End of Occupation » No 1039

How Israel’s road projects are ensuring apartheid is here to stay

The expansion of settler bypass roads in the West Bank has been central to turning Israel’s ‘temporary occupation’ into a permanent one-state reality.

By Ahmad Al-Bazz and Edo Konrad

As the world began reeling from the outbreak of COVID-19 in March, Israeli authorities were busy with a string of infrastructural projects across the occupied West Bank. They include installing a new section of the separation wall, building bypass bridges for Israeli settlers, digging tunnels, and approving Palestinian-only separation roads in various locations east and southeast of Jerusalem. In pursuing these initiatives, Israel has been working hard to achieve its future geographic and demographic vision for the West Bank, turning what was once described by many as a “temporary occupation” into a permanent reality of apartheid.

One of these projects has been the expansion of Route 60 — commonly referred to as the “Tunnels Road” — the main highway leading from Jerusalem southwards to the West Bank settlements between Bethlehem and Hebron. Located between Beit Jala and Bethlehem, the road lies between two giant concrete walls and serves vehicles with yellow Israeli license plates only.

The expansion, which began a year ago and is slated for completion in 2025, includes adding two traffic lanes and building two new tunnels next to the existing ones. The goal is to double the entrance capacity of settlers traveling to Jerusalem from the Gush Etzion area, just south of Bethlehem. In order to widen the road, the Civil Administration — the arm of Israel’s military government that governs the 2.8 million Palestinians in the occupied West Bank — confiscated around three acres of land from the Palestinian village of al-Khader and the city of Beit Jala. (more…)

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End of Occupation » No 1038

A resounding message from Bethlehem: End the occupation

Sami Abu Shehadeh

26 December 2020

Palestinians have the right to enjoy a future of peace based upon justice, tolerance and respect

The political developments that have taken place in 2020 should be carefully understood and grasped in order to make 2021 a better year for all.

The Trump administration is leaving behind a legacy of hateful incitement and the use of religion as a weapon against the rights of the Palestinian people.

The Israeli government will soon be disbanded and a fourth election in less than two years will take place in the spring, yet there is no indication that its annexation policies in the occupied territories, its incitement and the institutionalised discrimination against Palestinian citizens of Israel are going to end any time soon.

This is the context in which we should understand this year’s Christmas in the occupied Holy Land: Bethlehem, Jesus’s birthplace, had a “silent night” with very few pilgrims and hardly any tourist activities, due to Covid-19. The city is besieged by thousands of new illegal Israeli settlement units being built on its land. (more…)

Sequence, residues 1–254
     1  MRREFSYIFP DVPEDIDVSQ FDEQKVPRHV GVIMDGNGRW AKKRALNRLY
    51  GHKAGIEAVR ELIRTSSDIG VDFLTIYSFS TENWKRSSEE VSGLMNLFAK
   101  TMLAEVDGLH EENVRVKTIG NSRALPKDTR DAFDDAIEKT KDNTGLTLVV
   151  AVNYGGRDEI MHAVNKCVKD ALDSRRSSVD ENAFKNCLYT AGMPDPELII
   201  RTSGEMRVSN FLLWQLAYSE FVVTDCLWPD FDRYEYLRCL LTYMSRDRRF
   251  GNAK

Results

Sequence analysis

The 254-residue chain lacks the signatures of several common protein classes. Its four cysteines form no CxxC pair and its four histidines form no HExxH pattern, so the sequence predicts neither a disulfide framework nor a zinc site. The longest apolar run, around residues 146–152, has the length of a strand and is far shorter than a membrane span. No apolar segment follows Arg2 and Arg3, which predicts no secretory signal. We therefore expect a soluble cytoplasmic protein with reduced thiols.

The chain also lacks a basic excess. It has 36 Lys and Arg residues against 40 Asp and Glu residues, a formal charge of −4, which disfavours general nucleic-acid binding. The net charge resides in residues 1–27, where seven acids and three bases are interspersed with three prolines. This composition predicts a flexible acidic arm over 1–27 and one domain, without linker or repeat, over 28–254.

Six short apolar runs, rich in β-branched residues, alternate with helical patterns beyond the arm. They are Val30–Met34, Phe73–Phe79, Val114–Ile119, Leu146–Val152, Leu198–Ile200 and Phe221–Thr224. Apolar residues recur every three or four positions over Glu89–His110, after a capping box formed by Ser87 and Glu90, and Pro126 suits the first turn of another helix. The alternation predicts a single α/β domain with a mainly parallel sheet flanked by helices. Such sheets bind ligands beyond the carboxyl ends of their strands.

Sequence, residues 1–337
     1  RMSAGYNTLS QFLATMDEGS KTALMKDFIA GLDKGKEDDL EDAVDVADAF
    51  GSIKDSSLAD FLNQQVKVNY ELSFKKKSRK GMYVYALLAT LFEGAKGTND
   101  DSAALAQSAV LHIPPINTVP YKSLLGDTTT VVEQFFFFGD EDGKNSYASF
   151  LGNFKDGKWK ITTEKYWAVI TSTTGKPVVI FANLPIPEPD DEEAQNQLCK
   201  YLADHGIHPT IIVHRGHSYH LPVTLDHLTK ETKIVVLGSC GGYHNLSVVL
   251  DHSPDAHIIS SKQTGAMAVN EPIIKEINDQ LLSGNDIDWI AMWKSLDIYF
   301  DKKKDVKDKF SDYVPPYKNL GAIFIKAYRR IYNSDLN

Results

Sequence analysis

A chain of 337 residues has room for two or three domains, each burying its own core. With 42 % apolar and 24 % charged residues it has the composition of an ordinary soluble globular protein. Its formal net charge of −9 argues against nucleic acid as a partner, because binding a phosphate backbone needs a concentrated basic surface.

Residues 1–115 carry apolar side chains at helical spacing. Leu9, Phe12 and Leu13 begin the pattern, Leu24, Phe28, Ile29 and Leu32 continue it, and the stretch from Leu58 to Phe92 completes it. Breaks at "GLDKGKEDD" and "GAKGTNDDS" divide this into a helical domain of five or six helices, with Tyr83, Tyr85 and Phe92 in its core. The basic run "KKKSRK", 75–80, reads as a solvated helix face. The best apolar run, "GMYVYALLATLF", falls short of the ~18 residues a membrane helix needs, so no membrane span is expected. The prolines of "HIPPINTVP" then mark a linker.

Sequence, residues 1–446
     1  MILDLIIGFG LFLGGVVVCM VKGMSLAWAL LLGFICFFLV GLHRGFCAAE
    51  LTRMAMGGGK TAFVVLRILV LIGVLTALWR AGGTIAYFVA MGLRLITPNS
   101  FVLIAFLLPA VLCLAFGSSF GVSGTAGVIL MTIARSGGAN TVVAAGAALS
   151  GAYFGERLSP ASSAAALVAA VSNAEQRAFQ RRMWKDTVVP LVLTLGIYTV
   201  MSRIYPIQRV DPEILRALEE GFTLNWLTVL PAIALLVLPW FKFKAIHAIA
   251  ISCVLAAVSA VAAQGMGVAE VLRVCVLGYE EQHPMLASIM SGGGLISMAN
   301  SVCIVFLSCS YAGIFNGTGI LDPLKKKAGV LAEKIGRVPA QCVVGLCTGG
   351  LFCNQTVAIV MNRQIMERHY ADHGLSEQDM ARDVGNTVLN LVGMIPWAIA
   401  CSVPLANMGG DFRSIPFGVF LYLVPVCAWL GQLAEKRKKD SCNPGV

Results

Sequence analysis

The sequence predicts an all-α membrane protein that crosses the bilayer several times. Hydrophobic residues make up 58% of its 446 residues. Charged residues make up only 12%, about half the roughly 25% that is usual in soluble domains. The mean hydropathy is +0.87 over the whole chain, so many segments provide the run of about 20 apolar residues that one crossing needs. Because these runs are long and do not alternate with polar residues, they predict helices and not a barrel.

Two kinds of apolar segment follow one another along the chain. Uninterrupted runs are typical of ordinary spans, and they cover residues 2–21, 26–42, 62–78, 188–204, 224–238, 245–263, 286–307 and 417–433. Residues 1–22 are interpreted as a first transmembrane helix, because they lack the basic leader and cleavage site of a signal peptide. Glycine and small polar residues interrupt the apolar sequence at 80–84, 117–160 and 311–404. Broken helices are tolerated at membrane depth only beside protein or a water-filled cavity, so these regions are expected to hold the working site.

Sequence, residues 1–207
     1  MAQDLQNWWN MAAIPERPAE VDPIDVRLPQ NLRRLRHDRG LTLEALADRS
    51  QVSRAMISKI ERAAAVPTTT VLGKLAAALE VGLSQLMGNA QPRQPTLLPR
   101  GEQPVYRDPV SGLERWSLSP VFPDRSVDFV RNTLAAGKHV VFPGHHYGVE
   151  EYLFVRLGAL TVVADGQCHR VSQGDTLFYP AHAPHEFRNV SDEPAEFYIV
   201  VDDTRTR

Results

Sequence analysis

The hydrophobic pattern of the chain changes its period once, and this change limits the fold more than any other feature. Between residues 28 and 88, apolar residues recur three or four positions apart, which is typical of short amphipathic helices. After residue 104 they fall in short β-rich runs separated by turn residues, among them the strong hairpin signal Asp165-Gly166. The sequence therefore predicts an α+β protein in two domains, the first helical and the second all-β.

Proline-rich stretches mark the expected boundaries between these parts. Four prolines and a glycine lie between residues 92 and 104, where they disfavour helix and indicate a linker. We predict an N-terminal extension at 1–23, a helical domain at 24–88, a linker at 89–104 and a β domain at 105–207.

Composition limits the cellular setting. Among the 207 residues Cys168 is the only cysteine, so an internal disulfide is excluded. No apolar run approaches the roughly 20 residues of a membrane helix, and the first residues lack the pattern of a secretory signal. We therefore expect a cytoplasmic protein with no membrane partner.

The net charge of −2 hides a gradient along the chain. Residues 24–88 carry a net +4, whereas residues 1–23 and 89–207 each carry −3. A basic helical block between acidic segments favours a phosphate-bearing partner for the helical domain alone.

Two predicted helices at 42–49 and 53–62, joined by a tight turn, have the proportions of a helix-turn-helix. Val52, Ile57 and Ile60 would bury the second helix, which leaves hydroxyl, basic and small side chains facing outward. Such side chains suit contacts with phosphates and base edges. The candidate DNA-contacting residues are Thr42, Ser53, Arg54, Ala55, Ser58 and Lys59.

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End of Occupation » No 1037

O Little Town Of Bethlehem

By Francis A. Boyle

03 December, 2010

 It was December of 1991 and I was serving as Legal Advisor to the Palestinian Delegation to the Middle East Peace Negotiations in Washington DC. The Israelis were stalling, not even negotiating in bad faith, and the Americans under Baker and Ross were doing nothing to get the negotiations started.

This had been going on for 3 weeks and Christmas was fast approaching. Those of us on the Palestinian Team who were Christian were wondering if we were going to be able to get home for Christmas–many Palestinians are Christian, the original Christians, going back to Jesus Christ and the Apostles themselves. I would periodically check in with my wife and 2 sons at the time–little boys. My poor, sweet wife had to do all the Christmas preparations by herself without me. (more…)

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End of Occupation » No 1036

Occupiers of the World Unite!

By Michael Sfard

Occupation. Thousands of members of the occupied nation are refugees in the countries of the region. The organization that represents the occupied is illegal, and many of its activists are under arrest. For decades international human rights organizations have been reporting that the freedom of expression of regime opponents in the occupied territory is limited, and that attempting to achieve independence is considered sabotage.

The occupier built settlements in the occupied territory and transferred hundreds of thousands of its citizens to them. Demonstrations against the occupation and the settlements and in favor of independence encounter tremendous force, including the use of rubber-tipped bullets, and their organizers are arrested. Even human rights activists from the occupied nation, who are working for the benefit of the occupied, are a target of incitement and delegitimization. (more…)

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